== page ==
Like many content writers, I have been discouraged about writing at Squidoo  (now sold out to HubPages) and Bubblews lately.  Bubblews’ new format change has broken at least half my posts by removing all but one photo from my photo essays.  The best writers at Bubblews,  the ones who used the extra content boxes that made photo essays possible, were hit the hardest, since everything in those boxes disappeared overnight in the new update to the site’s format.  (July, 2014) As of January, 2015, Bubblews is paying almost nothing, when it decides to pay at all.

Persona Paper, however is strong where Bubblews has been weak. The post I referenced above talks about those strengths. I see many other frustrated Bubblers discovered Persona Paper before I did. We all love it there. There is a special sense of community when a site is new. Persona Paper members have that pioneering spirit, the owners are responsive to member needs, and the writing editor is wonderful. I can again write photo essays without having to stuff my articles with polls (though I can post one there), videos, maps, etc.  We just write, link and illustrate with photos we have the right to use. We get to post our work without having to post a lot that came from somewhere else.

Many are most curious about the money to be made. Right now, not much. I speak after only two days of being approved to post. (Yes, your first post is sent with your application to join. It is  read by a human to make sure you can write like a literate person in English.  That’s true no matter how fat your writing portfolio is, whether you’ve won writing contests, whether you are published, whether you are a former Giant Squid.)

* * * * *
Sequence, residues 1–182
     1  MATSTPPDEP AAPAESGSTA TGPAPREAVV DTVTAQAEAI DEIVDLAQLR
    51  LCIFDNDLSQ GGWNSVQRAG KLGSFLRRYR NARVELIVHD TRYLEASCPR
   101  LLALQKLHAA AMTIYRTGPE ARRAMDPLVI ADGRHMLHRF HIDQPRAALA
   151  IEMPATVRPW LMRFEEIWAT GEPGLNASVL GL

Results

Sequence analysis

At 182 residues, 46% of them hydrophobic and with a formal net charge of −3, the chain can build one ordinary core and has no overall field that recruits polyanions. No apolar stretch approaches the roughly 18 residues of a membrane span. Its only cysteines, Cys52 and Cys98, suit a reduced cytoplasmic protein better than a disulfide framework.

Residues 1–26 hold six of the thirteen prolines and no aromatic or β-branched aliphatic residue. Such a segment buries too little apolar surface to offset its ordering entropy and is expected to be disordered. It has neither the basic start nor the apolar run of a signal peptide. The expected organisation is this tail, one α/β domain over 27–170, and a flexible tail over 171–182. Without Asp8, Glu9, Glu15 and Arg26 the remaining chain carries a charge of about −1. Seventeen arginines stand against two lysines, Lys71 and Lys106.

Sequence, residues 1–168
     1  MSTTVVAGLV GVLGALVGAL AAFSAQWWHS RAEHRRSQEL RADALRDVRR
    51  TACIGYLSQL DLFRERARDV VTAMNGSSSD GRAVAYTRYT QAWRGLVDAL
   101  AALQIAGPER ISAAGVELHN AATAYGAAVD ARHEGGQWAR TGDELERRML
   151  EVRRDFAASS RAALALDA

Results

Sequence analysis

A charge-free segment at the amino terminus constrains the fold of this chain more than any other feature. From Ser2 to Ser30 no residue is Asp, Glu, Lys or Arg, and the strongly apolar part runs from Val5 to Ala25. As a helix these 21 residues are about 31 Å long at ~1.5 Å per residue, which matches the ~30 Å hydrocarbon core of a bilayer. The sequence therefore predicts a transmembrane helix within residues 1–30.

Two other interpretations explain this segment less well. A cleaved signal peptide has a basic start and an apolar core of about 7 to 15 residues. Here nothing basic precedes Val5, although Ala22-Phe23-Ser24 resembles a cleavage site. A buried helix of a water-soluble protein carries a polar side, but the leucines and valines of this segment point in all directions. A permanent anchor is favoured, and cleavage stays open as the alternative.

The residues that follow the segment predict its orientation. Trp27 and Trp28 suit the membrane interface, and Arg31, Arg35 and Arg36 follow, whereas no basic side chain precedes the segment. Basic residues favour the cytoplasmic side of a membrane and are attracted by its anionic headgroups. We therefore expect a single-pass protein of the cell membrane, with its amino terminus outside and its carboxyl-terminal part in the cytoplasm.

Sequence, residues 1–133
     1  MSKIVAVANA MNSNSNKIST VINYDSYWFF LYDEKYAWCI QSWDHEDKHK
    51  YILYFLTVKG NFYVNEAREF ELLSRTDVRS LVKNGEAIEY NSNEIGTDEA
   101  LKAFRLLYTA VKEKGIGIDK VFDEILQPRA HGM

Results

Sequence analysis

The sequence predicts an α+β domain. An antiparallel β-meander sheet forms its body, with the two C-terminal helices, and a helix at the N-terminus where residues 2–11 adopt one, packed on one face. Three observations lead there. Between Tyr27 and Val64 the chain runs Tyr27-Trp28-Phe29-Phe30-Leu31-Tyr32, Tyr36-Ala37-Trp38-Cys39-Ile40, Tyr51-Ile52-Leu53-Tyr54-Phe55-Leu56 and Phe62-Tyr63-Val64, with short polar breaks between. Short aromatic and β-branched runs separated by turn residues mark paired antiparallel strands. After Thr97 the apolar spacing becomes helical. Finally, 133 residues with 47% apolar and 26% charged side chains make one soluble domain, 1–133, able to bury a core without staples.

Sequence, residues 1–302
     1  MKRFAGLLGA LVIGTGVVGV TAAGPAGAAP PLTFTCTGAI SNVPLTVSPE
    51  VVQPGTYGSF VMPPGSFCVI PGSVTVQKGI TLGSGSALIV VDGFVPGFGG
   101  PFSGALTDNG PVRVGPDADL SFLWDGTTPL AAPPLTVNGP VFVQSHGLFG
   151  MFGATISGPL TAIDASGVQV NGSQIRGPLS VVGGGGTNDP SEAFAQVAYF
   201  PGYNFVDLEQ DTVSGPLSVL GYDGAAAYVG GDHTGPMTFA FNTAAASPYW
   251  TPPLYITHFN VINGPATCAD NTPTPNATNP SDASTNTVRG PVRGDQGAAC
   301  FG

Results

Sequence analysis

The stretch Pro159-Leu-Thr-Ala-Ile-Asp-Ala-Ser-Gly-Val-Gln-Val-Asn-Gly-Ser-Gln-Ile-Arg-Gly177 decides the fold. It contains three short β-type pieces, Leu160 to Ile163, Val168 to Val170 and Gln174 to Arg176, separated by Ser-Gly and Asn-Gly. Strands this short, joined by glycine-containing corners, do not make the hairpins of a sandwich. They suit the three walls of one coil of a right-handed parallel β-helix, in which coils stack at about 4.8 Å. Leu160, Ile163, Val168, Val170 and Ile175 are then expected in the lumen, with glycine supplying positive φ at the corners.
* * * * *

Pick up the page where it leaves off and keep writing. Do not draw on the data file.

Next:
So far I have published six articles at Persona Paper. I have been there since Sunday night, commenting and getting acquainted. I have so far only sixteen followers and have made twenty cents. I cannot use any affiliate links in posts there. But thoughtful comments I make on the posts of others earn me a little. And I get twice as much as that if someone views my post.

As I post more and acquire more followers, I expect to increase my earnings to at least what HubPages is paying me, and I won’t have to wait until I accumulate $50 to get my earnings. Persona Paper will pay after I reach $20.  If you want to connect to some great people and are willing to support a new site and let your earnings grow with it, please join with my referral link and start looking around while you wait for posting privileges. You will only need to have the first post approved unless you do something you shouldn’t.  Update: I have corrected this with information  about recent changes at I Received My First Persona Paper Payment Today.

 

I am not very active on HubPages these days because I’m so busy on other sites making corrections. and editing.  That’s why I’m thankful for anything they currently give me, which so far this week has averaged 41 cents a day.   I have only 90 hubs, and nine of them are snoozing, waiting for more activity to become visible to Google again. But at least a direct link will result in a visitor not being turned away.   I still l love HubPages as a writing platform when I want to write serious content and need their bells and whistles and want to use a referral link.

If you enjoy writing and have time to socialize with others who like to write content, or even books,  Persona Paper is for you. I urge you to join and help build a site which may someday pay you back for your efforts. You will be in good company, make new writing friends, and gradually earn some dollars you won’t get by doing your socializing on Facebook.  It only takes 500 characters to make a post (not counting spaces and punctuation.) Spammers don’t survive there, and those who only come to try to scam the system will never be seen. It’s a refreshing change from Bubblews in that respect. Best of all, the owners have shown that they respect the writers by keeping communication open, taking suggestions seriously, and creating a great platform.